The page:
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Aircraft Maintenance: The most dangerous aircraft system

We were issued a frequency change for an air traffic control sector handoff, and I was just reaching up to make the change when the aircraft violently pitched down. We were tossed toward the ceiling with loose items flying around the cabin as I grabbed the yoke and pulled back hard. As soon as I felt the force on the yoke required to move it, my eyes went to the trim indicator and saw it was trimmed excessively down. With one hand pulling on the yoke and the other manually adjusting the trim back to neutral, we quickly regained control and level flight. Gathering ourselves and calming down, we checked for injuries (there were none) and completed the flight with the auto-trim disabled.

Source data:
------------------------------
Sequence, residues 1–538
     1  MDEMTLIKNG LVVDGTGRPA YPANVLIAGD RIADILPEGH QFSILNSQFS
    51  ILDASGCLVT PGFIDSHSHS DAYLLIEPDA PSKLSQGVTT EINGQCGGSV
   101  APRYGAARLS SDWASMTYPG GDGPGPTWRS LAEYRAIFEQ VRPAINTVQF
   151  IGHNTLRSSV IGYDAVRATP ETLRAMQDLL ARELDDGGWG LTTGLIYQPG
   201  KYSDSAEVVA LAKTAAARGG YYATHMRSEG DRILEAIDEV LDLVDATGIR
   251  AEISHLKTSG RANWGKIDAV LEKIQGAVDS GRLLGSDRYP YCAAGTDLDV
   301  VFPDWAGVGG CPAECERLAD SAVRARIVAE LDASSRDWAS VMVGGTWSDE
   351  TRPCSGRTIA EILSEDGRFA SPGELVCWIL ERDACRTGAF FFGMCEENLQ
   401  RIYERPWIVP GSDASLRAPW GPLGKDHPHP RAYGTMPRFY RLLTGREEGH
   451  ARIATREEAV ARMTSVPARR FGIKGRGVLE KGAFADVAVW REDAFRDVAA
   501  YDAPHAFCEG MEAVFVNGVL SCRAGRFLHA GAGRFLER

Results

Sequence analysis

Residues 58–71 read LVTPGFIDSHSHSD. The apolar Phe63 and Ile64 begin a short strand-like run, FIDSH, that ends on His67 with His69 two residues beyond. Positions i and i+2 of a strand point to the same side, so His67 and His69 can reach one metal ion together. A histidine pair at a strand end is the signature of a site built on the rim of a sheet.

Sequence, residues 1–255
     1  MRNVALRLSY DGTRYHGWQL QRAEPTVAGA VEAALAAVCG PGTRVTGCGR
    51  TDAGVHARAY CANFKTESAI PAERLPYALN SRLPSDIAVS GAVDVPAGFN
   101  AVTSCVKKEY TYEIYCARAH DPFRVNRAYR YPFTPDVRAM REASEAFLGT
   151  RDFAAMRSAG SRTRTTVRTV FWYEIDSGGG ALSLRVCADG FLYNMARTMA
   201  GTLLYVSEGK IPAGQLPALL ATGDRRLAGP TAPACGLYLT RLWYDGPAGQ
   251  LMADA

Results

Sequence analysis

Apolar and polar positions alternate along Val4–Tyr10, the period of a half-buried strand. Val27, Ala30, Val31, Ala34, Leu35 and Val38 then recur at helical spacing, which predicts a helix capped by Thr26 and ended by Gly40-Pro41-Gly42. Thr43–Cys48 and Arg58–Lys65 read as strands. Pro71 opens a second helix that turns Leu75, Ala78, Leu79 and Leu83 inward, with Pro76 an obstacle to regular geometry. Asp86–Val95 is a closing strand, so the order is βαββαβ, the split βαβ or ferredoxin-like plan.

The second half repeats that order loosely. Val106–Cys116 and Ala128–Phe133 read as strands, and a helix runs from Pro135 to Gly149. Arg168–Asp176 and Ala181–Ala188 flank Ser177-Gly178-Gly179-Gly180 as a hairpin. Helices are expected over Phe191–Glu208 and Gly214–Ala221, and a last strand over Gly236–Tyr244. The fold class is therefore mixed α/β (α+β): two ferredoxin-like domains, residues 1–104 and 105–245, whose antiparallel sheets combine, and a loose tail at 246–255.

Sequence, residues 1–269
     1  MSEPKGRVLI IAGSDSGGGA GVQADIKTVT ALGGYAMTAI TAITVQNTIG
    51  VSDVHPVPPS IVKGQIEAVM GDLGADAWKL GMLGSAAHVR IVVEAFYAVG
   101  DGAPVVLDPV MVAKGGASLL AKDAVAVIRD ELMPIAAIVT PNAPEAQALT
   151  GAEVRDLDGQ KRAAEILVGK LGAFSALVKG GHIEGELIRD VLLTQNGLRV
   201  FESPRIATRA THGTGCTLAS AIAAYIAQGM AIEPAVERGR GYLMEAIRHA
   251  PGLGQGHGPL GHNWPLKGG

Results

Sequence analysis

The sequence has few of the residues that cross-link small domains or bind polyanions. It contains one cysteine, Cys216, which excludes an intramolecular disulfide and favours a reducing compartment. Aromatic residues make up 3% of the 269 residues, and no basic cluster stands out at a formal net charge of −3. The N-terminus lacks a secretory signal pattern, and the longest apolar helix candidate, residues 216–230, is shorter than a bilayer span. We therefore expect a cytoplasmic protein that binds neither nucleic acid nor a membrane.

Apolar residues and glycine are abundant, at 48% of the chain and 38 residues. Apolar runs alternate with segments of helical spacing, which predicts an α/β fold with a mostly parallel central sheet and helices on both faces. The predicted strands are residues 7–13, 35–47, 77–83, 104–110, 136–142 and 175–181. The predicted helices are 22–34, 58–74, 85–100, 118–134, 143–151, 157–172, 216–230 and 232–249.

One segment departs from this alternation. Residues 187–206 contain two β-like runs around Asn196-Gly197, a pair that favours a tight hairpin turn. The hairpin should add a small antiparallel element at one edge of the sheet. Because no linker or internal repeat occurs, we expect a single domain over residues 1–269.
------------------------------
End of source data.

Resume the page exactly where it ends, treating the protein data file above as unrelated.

To many general aviation pilots, aircraft elevator trim systems are often considered secondary systems of lesser importance compared to the engine and primary flight controls. Checking the trim position is on preflight checklists, but that’s about it. That’s a remarkable disconnect, considering the role of trim in some fairly high-profile accidents.

Aircraft elevator trim systems have played a role in several catastrophic accidents ranging from the recent crashes involving the Boeing 737 Max to a Piper Navajo crash in 2021; the Colgan Air crash in 2003; and even the 2011 crash at the National Championship Air Races in Reno, Nevada, that killed the pilot and 10 spectators on the ground. Trim systems are serious business, requiring great respect from both pilots and mechanics.

Manual trim systems

Manual trim systems are designed to aid the pilot in all flight phases, from takeoff to landing. In fact, one of the requirements of the elevator trim system design is the ability to safely control the aircraft by itself, in case the primary elevator control system fails. That said, the trim system can exert a significant control force—a force that can become dangerous if it is excessively out of limits for the flight condition of the aircraft.